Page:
On March 17, the International Criminal Court in the Hague announced the most extraordinary
arrest warrants in its 22-year history — for Vladimir Putin, the President of the Russian federation,
and Maria Lvova-Belova, his Commissioner for Children’s Rights. The charge was war crimes:
the deportation of thousands of children from conquered Ukraine territory into Russia. The 123
countries that are party to the court’s founding statute (the U.S. is not) now have an obligation to
arrest Putin and his aide.
If that happens, it will not be peaceful: top aide Dmitri Medvedev says arresting Putin would
be declaring war on Russia. He warned Germany that if it acted against Putin, Russian missiles
would soon fly into the Chancellor’s office and the Bundestag.
What happens now? Is there a chance Putin will be arrested and sent to the Hague for trial? If
not, how will he brought to account? Or will there be impunity?
To answer these questions and more, we’ve invited one of the country’s top experts on
international justice to speak on April 11. Professor Dermott Groome is a professor at Penn State’s
Dickenson College of Law who spent spent 11 years as top prosecutor at the Hague Tribunal set
up for the former Yugoslavia. He led the investigation, indictment and trial of Slobodan Milosevic,
the former Serbian president, the first head of state indicted for genocide, crimes against humanity
and war crimes. He was chief prosecutor in the cases of Serb military leader Gen. Radko Mladic
and other top Serbian figures.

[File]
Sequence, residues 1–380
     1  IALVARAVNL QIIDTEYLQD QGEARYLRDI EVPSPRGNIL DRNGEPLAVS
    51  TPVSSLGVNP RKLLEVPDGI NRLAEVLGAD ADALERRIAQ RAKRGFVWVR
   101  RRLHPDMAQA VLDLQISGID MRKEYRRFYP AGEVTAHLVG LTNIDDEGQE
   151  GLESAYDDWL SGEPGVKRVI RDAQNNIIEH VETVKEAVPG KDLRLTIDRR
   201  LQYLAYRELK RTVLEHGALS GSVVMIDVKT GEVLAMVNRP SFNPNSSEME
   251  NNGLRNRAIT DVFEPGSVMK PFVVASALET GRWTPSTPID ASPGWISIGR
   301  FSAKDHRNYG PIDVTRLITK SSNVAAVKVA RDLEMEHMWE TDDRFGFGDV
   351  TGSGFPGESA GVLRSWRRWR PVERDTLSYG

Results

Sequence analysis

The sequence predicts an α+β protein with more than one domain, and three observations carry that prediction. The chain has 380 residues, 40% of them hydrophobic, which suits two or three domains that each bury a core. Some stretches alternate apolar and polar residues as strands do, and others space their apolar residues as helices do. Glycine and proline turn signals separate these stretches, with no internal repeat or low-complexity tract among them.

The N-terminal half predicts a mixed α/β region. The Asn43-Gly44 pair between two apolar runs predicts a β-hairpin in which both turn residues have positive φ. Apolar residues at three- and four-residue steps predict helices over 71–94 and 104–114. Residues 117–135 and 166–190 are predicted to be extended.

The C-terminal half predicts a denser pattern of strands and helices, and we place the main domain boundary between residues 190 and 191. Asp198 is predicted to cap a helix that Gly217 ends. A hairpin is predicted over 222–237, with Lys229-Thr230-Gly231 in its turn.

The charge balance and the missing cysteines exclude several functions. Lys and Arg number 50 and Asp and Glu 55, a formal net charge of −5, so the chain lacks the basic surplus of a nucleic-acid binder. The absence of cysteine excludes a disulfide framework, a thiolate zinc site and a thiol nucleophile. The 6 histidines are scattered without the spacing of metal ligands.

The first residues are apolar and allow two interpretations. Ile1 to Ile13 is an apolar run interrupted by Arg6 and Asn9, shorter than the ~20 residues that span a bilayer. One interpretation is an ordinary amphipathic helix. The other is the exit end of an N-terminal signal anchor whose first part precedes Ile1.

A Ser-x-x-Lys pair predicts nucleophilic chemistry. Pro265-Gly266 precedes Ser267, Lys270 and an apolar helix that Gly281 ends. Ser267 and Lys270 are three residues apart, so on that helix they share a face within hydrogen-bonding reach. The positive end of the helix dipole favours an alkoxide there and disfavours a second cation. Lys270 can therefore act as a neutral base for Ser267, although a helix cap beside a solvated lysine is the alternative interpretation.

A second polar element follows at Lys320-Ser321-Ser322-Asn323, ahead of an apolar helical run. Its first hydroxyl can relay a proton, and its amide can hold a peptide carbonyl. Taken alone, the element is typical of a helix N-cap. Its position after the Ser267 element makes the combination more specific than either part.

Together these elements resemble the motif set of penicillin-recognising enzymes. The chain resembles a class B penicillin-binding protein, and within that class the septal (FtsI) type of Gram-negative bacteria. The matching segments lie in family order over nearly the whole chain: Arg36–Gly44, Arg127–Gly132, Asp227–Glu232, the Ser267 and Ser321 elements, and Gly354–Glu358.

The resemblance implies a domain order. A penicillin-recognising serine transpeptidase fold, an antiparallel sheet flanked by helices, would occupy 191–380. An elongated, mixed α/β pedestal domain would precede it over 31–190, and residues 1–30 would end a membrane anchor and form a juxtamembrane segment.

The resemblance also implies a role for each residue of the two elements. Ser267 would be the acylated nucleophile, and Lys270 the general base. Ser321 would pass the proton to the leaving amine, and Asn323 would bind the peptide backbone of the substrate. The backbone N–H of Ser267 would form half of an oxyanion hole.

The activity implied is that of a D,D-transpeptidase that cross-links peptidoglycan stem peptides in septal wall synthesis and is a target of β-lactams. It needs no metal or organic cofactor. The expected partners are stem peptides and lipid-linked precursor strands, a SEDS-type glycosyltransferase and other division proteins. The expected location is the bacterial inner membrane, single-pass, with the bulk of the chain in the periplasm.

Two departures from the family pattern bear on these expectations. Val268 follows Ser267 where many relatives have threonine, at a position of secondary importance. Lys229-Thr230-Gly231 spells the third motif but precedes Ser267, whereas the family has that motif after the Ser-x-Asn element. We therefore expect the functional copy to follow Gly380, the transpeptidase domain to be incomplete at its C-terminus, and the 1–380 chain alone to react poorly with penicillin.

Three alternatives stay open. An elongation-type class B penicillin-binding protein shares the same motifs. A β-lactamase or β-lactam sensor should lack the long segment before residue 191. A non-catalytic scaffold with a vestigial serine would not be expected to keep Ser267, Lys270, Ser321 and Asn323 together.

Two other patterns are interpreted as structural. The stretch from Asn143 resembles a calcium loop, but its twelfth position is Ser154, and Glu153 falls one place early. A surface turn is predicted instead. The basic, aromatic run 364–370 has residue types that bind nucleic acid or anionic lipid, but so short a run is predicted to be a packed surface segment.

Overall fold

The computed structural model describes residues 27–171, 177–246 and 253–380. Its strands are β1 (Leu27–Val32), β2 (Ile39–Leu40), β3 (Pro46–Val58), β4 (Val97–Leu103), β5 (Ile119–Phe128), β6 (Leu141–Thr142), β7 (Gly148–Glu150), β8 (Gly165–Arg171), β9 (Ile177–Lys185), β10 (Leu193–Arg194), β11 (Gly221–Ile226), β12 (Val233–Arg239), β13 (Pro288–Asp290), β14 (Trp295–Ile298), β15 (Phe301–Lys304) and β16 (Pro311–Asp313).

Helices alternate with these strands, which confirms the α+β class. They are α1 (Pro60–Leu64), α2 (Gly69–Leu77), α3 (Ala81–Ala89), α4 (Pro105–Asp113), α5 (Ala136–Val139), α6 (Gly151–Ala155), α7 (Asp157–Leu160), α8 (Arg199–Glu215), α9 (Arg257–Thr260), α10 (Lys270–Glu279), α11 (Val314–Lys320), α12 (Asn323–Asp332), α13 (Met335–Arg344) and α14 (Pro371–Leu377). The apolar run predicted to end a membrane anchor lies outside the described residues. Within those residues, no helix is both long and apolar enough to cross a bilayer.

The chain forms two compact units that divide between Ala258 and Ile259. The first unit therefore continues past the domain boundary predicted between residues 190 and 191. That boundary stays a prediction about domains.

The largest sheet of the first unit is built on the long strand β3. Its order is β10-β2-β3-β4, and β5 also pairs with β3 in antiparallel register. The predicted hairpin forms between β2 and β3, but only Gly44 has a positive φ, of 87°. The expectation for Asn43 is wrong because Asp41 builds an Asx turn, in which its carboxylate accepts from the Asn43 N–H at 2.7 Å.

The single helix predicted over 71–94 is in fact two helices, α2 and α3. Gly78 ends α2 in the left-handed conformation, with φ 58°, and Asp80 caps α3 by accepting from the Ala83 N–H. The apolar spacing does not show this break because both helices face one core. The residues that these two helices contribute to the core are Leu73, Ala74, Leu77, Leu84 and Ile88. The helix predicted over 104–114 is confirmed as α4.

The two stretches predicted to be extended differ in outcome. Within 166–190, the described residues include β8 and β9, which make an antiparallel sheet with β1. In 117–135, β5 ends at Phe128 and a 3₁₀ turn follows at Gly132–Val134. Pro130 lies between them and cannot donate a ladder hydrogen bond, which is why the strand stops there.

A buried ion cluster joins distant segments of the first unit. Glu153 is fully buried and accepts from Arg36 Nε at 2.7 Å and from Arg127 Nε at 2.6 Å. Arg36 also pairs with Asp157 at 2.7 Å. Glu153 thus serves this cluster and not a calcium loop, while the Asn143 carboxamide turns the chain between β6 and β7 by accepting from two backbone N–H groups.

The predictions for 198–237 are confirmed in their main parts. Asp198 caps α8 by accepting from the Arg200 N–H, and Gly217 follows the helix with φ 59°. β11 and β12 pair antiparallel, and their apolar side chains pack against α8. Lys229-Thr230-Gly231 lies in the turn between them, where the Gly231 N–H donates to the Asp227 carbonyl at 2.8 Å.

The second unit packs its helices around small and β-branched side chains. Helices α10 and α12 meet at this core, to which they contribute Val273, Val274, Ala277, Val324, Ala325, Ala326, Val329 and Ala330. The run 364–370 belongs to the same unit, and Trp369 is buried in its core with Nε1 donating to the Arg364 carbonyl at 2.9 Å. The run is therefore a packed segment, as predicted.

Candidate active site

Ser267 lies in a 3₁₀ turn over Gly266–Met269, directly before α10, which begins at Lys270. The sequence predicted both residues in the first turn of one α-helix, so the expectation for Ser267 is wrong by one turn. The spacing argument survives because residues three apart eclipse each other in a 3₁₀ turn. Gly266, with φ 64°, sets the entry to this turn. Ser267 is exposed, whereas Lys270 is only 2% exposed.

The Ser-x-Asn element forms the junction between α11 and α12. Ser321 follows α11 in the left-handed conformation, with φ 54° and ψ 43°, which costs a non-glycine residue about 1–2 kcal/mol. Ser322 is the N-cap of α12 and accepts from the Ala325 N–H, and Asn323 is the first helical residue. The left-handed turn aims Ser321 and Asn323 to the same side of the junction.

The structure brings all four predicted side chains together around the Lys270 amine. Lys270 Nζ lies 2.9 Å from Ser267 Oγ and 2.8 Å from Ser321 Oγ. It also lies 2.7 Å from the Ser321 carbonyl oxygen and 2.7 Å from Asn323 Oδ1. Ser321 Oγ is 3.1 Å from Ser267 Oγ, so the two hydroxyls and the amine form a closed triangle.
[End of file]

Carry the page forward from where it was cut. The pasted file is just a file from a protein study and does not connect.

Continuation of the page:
Now he’s part of the group advising the Ukraine chief prosecutor on the 65,000 war crimes
cases they’re now investigating. If western prosecutors are brought in to assist the Ukraine,
Professor Groome is sure to be on that list.
The title of his presentation is: Universal Jurisdiction: Closing the Impunity Gap for Crimes
Committed in Ukraine.
One of Professor Groome’s great skills is boiling down legal theory to understandable language.
You can get a sampling from listening to the lecture series he prepared for Ukrainian war crimes
prosecutors and investigators or from reading his Handbook of Human Rights Investigation.
A law graduate of Boston College, Professor Groome began his career in the Manhattan
District Attorney’s office. He worked in the Office of the UN High Commissioner for Human
Rights and advised the Minister of Justice and the courts as well as Legal Aid of Cambodia. Last
year, Penn State gave him its President’s Award for Academic Integration and credited him for
developing legal processes and doctrines that will guide international prosecutors and lawyers “for
decades to come” as well as educating “a new generation of lawyer leaders for decades to come.”
The citation added: “While he has set the standard for delivering justice to survivors of atrocity
crimes, his level of humility has reached the highest of heights.”
Please join us at the World Trade Center April 11 to hear Professor Groome. The reception
begins at 5:15 and the presentation at 6 pm. For those who can’t come in person, we’ll have a
simultaneous Zoom cast.
If you plan to attend IN-PERSON, please RSVP to [email protected] to register.
The “webinar” will be conducted via an on-line session. Please sign up as a member to join
in. It will be $15 if you would like to attend as a non-member.